The second-quarter GDP report released July 28th raised a red flag – the economy shrank for the second consecutive quarter. However, the August 5th jobs report pegged unemployment at only 3.5%, a sign that the US economy is still strong. So what’s the deal? Are we in a recession or not? The answer is complicated. The wide range of economic indicators that define the peaks and troughs of the US business cycle have long been derived from data that lags several months back. As a result, recessions are not declared until months after one has already started. So what is one to do in today’s complicated economy?
Ultra-high net worth families can make financial gifts while stock prices are low to use up less of their federal lifetime gift tax exemption. The current lifetime exemption of $12.06 million per person is scheduled to reduce substantially at the end of 2025. We are already implementing estate planning strategies for our clients whom this will affect. If you fall into this bracket, consider gifting at market lows to move funds out of your estate in a more tax efficient manner. Moreover, you should follow up with your estate planning attorney, CPA, and CFP® professional in the next year to make sure your estate plan accounts for the reduced lifetime exemption.
Retirees, don’t panic over market volatility or check your retirement accounts daily. If your asset allocation already reflects your risk capacity, your portfolio’s reduced exposure to equity should help carry you through the market turbulence. If the market’s impact on your portfolio still keeps you up at night, talk to your advisor about reevaluating your risk tolerance (the amount of risk you are actually willing to assume). You should already have an emergency fund of 3-6 months of expenses, plus any required minimum distribution (RMD) amounts already sitting in cash. Most post-World War II recessions have lasted 6-12 months. If you don’t think you can make it 6-12 months with what you have currently available, then plan for alternatives like adjusting your lifestyle or potentially returning to work.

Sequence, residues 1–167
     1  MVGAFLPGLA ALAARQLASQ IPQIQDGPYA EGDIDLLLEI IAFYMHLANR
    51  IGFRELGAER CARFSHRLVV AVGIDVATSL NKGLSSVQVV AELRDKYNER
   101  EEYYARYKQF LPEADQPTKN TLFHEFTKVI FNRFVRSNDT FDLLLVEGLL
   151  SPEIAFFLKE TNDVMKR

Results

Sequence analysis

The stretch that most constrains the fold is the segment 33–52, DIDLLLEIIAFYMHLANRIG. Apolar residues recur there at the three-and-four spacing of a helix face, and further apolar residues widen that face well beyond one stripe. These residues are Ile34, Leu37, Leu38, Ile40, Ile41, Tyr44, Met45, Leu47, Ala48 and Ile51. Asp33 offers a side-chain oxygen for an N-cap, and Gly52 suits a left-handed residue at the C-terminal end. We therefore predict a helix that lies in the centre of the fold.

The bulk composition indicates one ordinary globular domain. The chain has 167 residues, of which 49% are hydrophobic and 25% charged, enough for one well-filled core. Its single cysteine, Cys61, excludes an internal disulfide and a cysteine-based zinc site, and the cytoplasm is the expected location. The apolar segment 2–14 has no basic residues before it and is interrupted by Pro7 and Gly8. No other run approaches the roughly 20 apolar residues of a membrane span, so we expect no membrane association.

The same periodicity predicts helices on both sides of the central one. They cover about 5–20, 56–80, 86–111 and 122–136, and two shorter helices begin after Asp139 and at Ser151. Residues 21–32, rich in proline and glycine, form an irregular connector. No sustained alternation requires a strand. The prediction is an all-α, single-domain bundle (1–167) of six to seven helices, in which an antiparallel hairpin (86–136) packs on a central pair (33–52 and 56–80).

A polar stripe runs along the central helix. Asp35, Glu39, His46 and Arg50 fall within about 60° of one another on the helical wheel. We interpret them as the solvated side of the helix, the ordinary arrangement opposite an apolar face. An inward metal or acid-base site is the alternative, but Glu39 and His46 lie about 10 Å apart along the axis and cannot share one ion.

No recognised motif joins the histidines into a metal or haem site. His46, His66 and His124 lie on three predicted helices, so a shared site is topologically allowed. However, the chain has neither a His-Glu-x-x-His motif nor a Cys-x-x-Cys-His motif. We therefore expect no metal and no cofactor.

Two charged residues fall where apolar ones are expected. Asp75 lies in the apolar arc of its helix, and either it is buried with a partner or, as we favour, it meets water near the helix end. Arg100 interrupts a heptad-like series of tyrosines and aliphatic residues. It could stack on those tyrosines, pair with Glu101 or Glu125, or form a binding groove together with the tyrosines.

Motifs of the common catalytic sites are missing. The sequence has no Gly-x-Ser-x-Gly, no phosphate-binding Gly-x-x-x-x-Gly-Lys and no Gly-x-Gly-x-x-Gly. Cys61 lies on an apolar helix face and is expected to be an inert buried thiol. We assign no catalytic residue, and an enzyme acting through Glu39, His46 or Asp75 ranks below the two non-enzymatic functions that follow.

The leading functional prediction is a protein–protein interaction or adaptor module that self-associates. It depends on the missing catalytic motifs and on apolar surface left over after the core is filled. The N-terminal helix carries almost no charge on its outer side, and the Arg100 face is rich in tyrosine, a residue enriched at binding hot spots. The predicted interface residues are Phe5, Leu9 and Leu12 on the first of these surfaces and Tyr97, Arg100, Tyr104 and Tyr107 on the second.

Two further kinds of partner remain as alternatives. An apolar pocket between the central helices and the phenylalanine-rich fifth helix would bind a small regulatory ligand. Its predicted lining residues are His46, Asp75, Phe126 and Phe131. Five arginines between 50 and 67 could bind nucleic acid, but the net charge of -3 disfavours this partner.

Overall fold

Retirement savers should generally continue to invest retirement contributions while markets are down, and consider using any excess cash to increase retirement plan contributions. Market downturns are a great time to consider Roth conversions; when executed at reduced prices, this can be a significant tax savings strategy over the long term for retirees and savers alike. If you are concerned about the market decline’s impact on your ability to achieve future financial goals, schedule a review of your financial plan with your advisor. Sophisticated financial planning software makes it possible to visualize how a financial plan could respond to a whole range of real world uncertainties, not limited to market downturns. Keep your resume up-to-date and have a backup plan should you lose your job. Early retirement plan withdrawals in a down market should be avoided if at all possible.
Historically, the influence of short term challenges becomes less impactful when consistently engaged in long-term financial planning. Find a CERTIFIED FINANCIAL PLANNER™ professional to help you create a financial plan by going to https://www.letsmakeaplan.org/
Published in the Victoria Advocate
Hannah Gohmert is a CFP® professional with KMH Wealth Management, LLC. She is the Chief Compliance Officer of the firm.